The challenge of color management.
By Jake Widman
Another advantage to breaking out the Adobe CMM, says Adobe’s Constable, is that it supports processing of version 4 ICC color profiles. So does Vista’s WCS color management, but the ICM system in previous versions of Windows does not. So incorporating the Adobe CMM would enable the use of v.4 profiles in a non-Vista Windows workflow.
Derhak points to another intriguing trend affecting CMMs: "A move toward using dynamic, ‘smart’ CMMs." With a smart CMM, a profile can program the CMM to perform the transforms based on the optimum gamut mapping for the output device. Referring to the ICC, Derhak says, "We’ve added the ability for the profile itself to define a sequence of transforms. This will give more flexibility."
Sound great? The problem so far, Derhak warns, is that dynamic-color processing makes it hard to achieve consistency. It’s fine, he says, in a workflow with, say, one digital camera and one printer, but it’s not so great for a more elaborate workflow. Unless everyone is using the same version of the same CMM, two different profiles can trigger different results. Even if the CMMs are the same, two different computers can also give different results.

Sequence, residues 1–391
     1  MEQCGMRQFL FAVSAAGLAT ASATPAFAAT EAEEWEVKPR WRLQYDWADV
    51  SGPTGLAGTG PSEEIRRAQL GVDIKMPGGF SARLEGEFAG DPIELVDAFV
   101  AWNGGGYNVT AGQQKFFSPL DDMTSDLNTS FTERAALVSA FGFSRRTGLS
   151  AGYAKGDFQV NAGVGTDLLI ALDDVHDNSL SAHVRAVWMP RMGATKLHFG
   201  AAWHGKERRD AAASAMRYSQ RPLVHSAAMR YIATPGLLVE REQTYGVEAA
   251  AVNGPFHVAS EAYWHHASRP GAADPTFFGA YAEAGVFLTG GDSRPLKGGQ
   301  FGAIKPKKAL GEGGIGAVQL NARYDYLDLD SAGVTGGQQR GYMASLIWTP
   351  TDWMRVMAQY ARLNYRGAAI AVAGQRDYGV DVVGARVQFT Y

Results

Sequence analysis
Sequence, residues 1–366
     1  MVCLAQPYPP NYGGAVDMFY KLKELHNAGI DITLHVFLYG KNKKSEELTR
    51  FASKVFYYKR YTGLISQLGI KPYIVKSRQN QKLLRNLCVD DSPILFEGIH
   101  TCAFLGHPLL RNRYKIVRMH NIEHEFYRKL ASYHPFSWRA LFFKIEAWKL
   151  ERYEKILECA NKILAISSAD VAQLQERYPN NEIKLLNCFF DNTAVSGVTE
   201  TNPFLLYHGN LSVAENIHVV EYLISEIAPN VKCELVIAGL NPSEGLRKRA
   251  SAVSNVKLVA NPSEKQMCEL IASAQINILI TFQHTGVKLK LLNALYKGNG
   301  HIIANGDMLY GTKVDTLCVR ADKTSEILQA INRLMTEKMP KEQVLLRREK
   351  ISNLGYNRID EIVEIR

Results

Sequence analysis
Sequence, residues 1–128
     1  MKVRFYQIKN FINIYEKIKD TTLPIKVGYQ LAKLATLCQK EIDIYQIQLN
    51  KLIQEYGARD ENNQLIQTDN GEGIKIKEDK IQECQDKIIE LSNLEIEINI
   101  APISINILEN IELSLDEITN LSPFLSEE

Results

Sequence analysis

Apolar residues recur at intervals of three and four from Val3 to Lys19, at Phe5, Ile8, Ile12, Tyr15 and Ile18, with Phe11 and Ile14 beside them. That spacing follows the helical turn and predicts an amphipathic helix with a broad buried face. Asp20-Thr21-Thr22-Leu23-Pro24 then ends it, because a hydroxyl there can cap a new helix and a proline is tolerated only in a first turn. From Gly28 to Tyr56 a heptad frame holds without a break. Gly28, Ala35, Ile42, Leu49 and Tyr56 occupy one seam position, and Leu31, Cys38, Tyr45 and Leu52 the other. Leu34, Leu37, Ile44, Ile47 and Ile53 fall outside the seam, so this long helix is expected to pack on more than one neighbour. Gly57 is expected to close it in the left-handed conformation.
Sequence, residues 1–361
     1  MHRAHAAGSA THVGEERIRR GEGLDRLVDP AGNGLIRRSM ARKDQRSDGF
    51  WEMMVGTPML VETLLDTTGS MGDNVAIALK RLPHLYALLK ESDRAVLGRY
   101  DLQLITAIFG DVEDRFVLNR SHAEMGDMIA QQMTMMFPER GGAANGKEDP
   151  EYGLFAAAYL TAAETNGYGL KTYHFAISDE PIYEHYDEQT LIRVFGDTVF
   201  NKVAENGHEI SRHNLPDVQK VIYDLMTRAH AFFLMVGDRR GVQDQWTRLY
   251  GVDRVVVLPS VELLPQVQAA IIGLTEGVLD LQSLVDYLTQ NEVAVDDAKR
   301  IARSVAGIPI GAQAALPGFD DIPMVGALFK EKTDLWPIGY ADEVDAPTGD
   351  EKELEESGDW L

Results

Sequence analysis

"The whole idea is to come up with a programmable CMM," says Derhak, "but we’re not necessarily there yet."
Devising, and dealing with, new color models
The final trend, and the one that will require the most work but offer the greatest promise of transforming the way we handle color, is geared toward a new, expanded way to define color. Today, ICC profiles and color management are based on the LAB color space, a theoretical model based on the way the eye perceives color without regard for viewing conditions. That makes it subject to metamerism, the situation in which two different colors can look the same, or two samples of the same color can look different, depending on how they’re viewed. A frequently cited example is the way the same color would look on a matte versus a glossy surface.